The California Public Utilities Commission (CPUC) has moved forward with a policy that it adopted back on December 5, 2019, to assist California Tribes with reclaiming a small portion of their ancestral lands. Specifically, the CPUC seeks to "encourage, and where possible, facilitate transfers of Real Property to California Native American Tribes" by requiring that utilities in the state offer California Native American Tribes a right of first refusal over certain property.
While the CPUC has tried various means to solicit comments and feedback from the Tribes regarding the implementation of the process, only eight of the 164 California Tribes have weighed in at all. Those eight Tribes include the Agua Caliente Band of Cahuilla Indians, the Ewiiaapaayp Band of Kumeyaay Indians, the Habematolel Pomo of Upper Lake, the Manzanita Band of the Kumeyaay Nation, the Paskenta Band of Nomlaki Indians, the San Fernando Band of Mission Indians, the Yoche Dehe Wintun Nation, and the Yurok Tribe.
All of these California Tribes engaged in a very cursory fashion, without reacting to any of the extensive and substantial comments provided by the utilities and other traditional stakeholders at the CPUC. The result is that the CPUC has largely fashioned its policies based on limited feedback from the very stakeholders its policy is meant to support.
Importantly, the Commission defined "first right of refusal" as meaning that the utility:
[D]isposing of the surplus property has to contact the Tribe or Tribes whose ancestral territory surrounds the surplus property and provide such tribe(s) the first right to take/purchase or refuse transfer of the property, before the IOU can seek third party purchasers for such surplus property. The right of first refusal is similar in concept to a call option, in that the Tribe will have the right, but not the obligation, to purchase or accept transfer of the surplus land within a reasonable time period, as determined by the Commission, after notice by the IOU is provided to the Tribe.
But how this policy will be implemented will obviously impact its success. To that end, the Commission has proposed guidelines on its policy and implementation.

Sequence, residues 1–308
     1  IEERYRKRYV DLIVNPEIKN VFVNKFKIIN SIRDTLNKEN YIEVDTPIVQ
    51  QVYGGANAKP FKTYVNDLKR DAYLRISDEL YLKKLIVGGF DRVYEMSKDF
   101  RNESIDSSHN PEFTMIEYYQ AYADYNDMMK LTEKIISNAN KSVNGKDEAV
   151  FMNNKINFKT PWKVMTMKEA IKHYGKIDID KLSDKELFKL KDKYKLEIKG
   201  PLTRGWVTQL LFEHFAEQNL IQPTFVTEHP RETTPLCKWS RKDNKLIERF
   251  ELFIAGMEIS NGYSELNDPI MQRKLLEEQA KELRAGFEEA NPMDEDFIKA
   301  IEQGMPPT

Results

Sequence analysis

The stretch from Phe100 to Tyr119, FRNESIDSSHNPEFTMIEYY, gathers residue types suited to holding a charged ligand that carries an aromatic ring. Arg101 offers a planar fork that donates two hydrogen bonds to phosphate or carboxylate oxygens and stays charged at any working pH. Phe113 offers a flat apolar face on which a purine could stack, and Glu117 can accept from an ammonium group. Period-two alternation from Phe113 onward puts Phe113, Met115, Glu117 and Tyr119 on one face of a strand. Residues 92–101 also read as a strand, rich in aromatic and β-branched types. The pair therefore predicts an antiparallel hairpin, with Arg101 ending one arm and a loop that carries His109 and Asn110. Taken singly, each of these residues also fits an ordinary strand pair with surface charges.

But, again, for whatever reason, very few Tribal representatives have participated and given feedback as to whether these transfer procedures meet their needs and whether the Tribes will actually be able to take advantage of a policy meant to benefit their sovereign nations. Regardless, the implementation procedures are slated to be approved by a resolution at the Commission's November 5, 2020, meeting.
The draft resolution does provide for additional opportunities for Tribal engagement, starting with a workshop that will be convened shortly after the adoption of the proposed guidelines on November 5, 2020.
Our hope in drafting this blog is that Tribes will choose to participate in that workshop and, more importantly, avail themselves of the opportunity that this program will hopefully reclaim property that was once a part of their ancestral territory. In addition, we hope that California Tribes will increasingly participate at the CPUC in a more concerted fashion as the CPUC increases its tribal consultation efforts.
California Tribes can and should use their combined strength and resources to influence the energy, water, and telecommunication policies established by the CPUC that affect the conservation, renewable energy, and economic development efforts that many of these Tribes are actively engaging in. And as large utility consumers, the California Tribes should actively participate in the ratemaking processes at the CPUC to ensure cost effective rates for their members and businesses.